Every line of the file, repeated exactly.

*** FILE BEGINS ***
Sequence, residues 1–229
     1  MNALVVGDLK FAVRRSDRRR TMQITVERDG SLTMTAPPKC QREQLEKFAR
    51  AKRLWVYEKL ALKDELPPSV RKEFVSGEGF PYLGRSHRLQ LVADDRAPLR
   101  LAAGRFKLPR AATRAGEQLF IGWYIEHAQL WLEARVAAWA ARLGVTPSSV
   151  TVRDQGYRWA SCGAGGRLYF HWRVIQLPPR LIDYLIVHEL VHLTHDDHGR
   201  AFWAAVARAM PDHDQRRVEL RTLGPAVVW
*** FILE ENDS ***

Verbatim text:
Sequence, residues 1–229
     1  MNALVVGDLK FAVRRSDRRR TMQITVERDG SLTMTAPPKC QREQLEKFAR
    51  AKRLWVYEKL ALKDELPPSV RKEFVSGEGF PYLGRSHRLQ LVADDRAPLR
   101  LAAGRFKLPR AATRAGEQLF IGWYIEHAQL WLEARVAAWA ARLGVTPSSV
   151  TVRDQGYRWA SCGAGGRLYF HWRVIQLPPR LIDYLIVHEL VHLTHDDHGR
   201  AFWAAVARAM PDHDQRRVEL RTLGPAVVW